Find your MOJO

Last updated: 17-Feb-17

We become addicted to running and therefore, like a job, we get up and do it because we feel we have to. But should that be the case? Eventually, the reason ‘why’ we run can get lost and with that, we can lose our Mojo.

But what can you do if you have lost yours? Here are some useful tips from Ian Corless.

By Ian Corless

Training and racing can be a 12-month process. The addition of more and more races does mean that the beginning and end of a season has become somewhat clouded. So, first of all look at your year and break it down into blocks. Each block can have several targets but ultimately, each block will finish with a rest/ recovery period before starting the next training and racing block.

It can be tough to go out of the door sometimes. Particularly when it’s cold and wet. So ask the question, ‘is the goal that you have set yourself challenging?’ If your goal is a challenge then you are far more likely to head out of the door because the consequences of not going out, may very well mean that your goal will not be achieved. Nobody likes a DNF. So, set a goal that is challenging BUT achievable.

If you have lost your Mojo. You may need to look for a new objective? Try these bullet points to help you.

  • Choose a new distance to race. You can either challenge yourself by going longer, say, moving from a 50k to a 50-mile or a 50-mile to 100k. That is usually the way most ultra runners do things, but how about throwing a curve ball in the mix? Step down a distance but aim to go faster. That will mean a change in training and in the long run the speed will enhance and progress your longer races.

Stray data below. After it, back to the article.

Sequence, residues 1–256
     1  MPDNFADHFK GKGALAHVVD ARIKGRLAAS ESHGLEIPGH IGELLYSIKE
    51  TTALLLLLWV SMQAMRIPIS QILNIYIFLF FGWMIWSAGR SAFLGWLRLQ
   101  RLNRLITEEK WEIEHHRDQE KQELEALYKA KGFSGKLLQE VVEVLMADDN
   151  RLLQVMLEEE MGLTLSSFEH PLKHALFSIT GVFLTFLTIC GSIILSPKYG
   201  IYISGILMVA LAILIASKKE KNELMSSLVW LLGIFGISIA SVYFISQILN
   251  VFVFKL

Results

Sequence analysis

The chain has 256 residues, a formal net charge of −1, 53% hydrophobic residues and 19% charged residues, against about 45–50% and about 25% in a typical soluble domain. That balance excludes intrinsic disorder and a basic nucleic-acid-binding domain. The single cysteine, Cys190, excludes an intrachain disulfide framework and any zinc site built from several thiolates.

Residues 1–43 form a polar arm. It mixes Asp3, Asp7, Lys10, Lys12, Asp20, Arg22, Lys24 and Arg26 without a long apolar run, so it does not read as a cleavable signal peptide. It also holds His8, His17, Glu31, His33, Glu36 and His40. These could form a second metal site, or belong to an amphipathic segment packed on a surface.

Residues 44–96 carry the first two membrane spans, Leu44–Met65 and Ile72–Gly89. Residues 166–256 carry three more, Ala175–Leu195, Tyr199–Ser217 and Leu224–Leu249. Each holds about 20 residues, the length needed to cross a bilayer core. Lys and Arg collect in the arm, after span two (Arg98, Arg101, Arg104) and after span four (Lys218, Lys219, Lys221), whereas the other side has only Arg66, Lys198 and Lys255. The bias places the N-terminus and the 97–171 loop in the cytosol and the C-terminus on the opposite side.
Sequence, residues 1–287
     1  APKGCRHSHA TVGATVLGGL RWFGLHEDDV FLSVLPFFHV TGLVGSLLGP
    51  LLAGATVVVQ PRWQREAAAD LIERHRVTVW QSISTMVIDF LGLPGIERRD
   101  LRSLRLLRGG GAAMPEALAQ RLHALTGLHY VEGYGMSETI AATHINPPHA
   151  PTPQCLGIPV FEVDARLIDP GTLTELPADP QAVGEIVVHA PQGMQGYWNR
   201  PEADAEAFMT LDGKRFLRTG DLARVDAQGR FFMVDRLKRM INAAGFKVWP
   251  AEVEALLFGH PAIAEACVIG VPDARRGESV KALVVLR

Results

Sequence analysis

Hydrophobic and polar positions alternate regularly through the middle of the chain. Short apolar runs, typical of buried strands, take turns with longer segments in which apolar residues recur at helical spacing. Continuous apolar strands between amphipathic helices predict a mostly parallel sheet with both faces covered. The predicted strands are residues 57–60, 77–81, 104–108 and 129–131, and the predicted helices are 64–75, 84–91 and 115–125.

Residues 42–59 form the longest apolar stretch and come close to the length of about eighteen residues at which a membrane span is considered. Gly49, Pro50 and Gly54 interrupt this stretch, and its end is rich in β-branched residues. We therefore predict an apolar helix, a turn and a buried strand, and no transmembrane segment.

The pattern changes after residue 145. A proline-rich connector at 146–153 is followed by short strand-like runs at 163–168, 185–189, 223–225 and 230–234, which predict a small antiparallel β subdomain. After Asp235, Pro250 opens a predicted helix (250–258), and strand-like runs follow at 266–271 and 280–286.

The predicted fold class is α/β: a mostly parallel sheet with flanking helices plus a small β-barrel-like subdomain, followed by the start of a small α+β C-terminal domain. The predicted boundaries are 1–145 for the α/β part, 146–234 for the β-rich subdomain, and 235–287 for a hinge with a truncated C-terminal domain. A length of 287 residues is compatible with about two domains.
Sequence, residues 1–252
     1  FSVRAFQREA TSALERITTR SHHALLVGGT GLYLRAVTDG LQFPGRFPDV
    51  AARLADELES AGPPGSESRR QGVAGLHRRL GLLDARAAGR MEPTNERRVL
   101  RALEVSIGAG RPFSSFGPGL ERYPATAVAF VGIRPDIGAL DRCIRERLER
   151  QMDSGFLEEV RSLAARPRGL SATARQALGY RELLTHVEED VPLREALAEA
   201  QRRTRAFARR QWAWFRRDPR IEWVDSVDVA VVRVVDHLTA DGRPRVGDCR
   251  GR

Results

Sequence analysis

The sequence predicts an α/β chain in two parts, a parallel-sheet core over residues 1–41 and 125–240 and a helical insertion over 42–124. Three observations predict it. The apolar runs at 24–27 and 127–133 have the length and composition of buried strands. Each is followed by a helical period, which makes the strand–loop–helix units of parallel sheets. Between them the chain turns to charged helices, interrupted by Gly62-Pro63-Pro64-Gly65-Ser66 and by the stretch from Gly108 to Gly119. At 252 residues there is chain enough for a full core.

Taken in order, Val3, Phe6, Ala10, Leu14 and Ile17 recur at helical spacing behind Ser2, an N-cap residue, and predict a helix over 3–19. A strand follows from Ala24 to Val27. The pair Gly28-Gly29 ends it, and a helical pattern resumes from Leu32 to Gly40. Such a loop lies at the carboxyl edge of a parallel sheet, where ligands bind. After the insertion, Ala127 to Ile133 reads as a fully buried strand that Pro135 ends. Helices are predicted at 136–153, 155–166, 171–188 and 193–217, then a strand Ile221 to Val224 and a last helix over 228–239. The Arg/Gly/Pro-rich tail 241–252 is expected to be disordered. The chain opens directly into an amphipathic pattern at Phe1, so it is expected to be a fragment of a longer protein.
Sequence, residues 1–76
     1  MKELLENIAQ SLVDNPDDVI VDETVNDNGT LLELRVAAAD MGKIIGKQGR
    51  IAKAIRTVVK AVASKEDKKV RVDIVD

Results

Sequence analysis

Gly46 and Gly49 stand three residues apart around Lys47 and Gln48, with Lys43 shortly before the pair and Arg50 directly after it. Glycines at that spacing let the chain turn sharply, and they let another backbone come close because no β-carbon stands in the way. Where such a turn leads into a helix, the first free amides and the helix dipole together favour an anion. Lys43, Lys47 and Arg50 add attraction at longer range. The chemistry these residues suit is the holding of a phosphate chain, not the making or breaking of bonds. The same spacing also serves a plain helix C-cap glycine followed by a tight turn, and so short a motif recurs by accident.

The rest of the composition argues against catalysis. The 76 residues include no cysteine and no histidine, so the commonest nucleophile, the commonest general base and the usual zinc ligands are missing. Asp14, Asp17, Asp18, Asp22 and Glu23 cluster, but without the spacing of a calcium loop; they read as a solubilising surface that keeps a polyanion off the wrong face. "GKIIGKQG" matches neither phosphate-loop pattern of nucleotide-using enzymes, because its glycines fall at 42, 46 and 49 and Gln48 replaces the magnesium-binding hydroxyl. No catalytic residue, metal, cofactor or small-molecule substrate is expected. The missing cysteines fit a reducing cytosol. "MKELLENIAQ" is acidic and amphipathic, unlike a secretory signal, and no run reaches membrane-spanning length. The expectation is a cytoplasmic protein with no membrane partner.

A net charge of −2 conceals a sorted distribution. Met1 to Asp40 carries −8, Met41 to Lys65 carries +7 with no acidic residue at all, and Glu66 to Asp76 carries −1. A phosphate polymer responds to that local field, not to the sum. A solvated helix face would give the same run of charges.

• Include some B or C races in training that remove the pressure from the A race. This will allow you to turn up, race but without a pressure to perform. Just run and enjoy the process of being with other people. You can always be a pacer looking after slower or new runners. This will give you an objective and make the journey more rewarding.
  • If you are a road runner, try some trail. If you are a trail runner, try the mountains. If you are a mountain runner, try something more challenging like navigation. We can all test ourselves in different ways but we get comfortable with our daily running and don’t test ourselves. Mix things up.
  • Pick a weekend, pick a location and just go and spend two or three days exploring. You can fast pack or stay in small hotels. I like to pick a point-to-point when doing this as it gives a real motivation to get to the end. Time is not important so you can enjoy it for what it is; just time out running.

One thing that usually gets a Mojo lost is doing the same things day in and day out. Not only that, but always doing the same pace or the same routes. Mixing things up is really key in keeping the motivation going and don’t be worried to take time off.

  • We are very fortunate that a year is broken down into 12 months, so, take one weekend a month and do something different. This can be a different training session; it may be a completely different race experience or it may very well be a weekend away with no running. Don’t worry, you will survive and I guarantee your run on Monday morning will be great!